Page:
The Government is looking to clampdown on people who claim ‘holiday let’ tax breaks on their second home.

People with second homes will soon no longer be able to claim tax breaks on the properties by stating they are holiday lets.

Under current rules, owners who declare they rent out second properties as holiday lets are charged business rates on the homes, rather than council tax.

Many of the properties qualify for Small Business Rate Relief, meaning if the property has a rateable value of £12,000 or less, they do not have to pay any tax at all, representing a significant saving compared with the council tax bill they would have faced.

But the Treasury is concerned that many people may be stating they let out their second home in order to claim the tax break, while making little effort to actually do so.

As a result, it plans to tighten the rules, forcing people who claim to be operating a holiday let to prove the property is actually let out for at least 140 days each year.

The move was included in the Government’s Tax policies and consultations publication.

Who does it affect?

Government figures show there are 60,000 self-catering premises in England that are registered for business rates, 96% of which have a rateable value that means they are likely to qualify for Small Business Rates relief. It is not clear how many of these are second homes and how many are genuine holiday lets.

Second-home owners who have been claiming business rates will now face the choice of either opting to pay council tax on their property instead, or ensuring it is let out for at least 140 days a year to continue benefiting from the tax break.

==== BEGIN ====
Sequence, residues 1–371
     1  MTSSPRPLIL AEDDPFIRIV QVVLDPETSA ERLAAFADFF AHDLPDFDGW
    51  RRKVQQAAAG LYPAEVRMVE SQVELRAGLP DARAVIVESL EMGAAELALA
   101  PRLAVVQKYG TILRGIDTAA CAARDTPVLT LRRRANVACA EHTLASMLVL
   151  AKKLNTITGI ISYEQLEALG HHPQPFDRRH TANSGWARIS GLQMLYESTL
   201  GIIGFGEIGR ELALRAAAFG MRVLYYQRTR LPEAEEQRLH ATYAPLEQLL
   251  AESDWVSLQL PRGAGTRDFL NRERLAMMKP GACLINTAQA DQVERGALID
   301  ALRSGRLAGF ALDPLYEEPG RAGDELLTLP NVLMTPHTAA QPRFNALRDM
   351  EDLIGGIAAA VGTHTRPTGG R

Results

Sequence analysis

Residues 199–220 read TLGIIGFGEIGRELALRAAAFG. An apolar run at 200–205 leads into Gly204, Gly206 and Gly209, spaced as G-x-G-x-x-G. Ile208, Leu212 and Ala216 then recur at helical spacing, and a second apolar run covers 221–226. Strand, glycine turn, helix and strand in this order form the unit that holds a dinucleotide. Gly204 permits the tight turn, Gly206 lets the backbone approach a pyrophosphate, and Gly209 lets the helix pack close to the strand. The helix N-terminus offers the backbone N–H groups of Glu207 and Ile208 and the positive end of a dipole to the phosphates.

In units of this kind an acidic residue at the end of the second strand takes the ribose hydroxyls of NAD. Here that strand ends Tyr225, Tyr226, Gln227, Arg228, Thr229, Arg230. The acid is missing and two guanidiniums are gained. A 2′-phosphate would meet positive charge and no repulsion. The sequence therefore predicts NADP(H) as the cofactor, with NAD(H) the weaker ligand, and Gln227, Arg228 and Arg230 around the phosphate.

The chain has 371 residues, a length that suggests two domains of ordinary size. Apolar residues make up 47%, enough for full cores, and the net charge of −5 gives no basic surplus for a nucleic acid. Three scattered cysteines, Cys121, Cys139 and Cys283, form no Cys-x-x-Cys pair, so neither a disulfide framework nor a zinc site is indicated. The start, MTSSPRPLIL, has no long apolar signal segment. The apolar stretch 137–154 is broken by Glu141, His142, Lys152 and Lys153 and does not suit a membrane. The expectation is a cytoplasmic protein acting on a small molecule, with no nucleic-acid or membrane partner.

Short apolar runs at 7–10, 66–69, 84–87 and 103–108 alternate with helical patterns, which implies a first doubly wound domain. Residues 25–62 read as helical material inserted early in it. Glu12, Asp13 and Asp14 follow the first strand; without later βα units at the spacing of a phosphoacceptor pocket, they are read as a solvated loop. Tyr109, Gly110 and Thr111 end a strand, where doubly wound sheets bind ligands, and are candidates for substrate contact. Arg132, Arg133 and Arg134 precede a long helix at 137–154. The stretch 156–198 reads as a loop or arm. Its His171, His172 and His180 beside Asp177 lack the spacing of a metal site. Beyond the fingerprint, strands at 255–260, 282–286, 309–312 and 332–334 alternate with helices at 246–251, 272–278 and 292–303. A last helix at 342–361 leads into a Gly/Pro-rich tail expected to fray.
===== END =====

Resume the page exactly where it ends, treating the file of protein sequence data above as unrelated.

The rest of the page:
What other property-related taxes were in the publication?

While the change to the tax treatment of holiday lets was the most eye-catching change in the tax policy document, there were a number of other changes relating to property.

A new residential property developer tax

The Government announced plans to launch a consultation on introducing a new tax on the largest residential property developers in 2022.

The money raised will be used to cover the cost of replacing unsafe cladding for leaseholders in residential buildings that are more than 18 metres (the equivalent of six storeys) high.

Further details on how developers will be taxed have not yet been released, but the Government has previously said it plans to raise £2 billion over the coming decade through the levy.

Simplified inheritance tax reporting

Plans to simplify inheritance tax reporting requirements were also announced by the Government, which is good news for property owners, as their family home is most people’s most valuable asset.

Under the move, more than 90% of estates that are not liable for the tax will no longer have to complete inheritance tax forms when probate is required from January next year.

It is estimated the change will reduce red tape for more than 200,000 estates every year.

Land and property VAT simplification

The Government is looking for ways to make rules on land and property VAT exemptions clearer.
Transactions involving certain types of land and property, such as the sale of a freehold, are liable for VAT.
Certain transactions are exempt, for example if a landowner converts a commercial building into a residential one. But the current rules are complex.
The Government plans to publish a call for evidence on the issue of simplifying exemptions shortly.

Financial Secretary to the Treasury Jesse Norman said: “We are making these announcements in order to increase the transparency, discipline and accessibility of tax policymaking.

“These measures will help us to upgrade and digitise the UK tax system, tackle tax avoidance and fraud, among other things.

“By grouping them together, we want to give Members of Parliament, tax professionals and other stakeholders a better opportunity to scrutinise them.”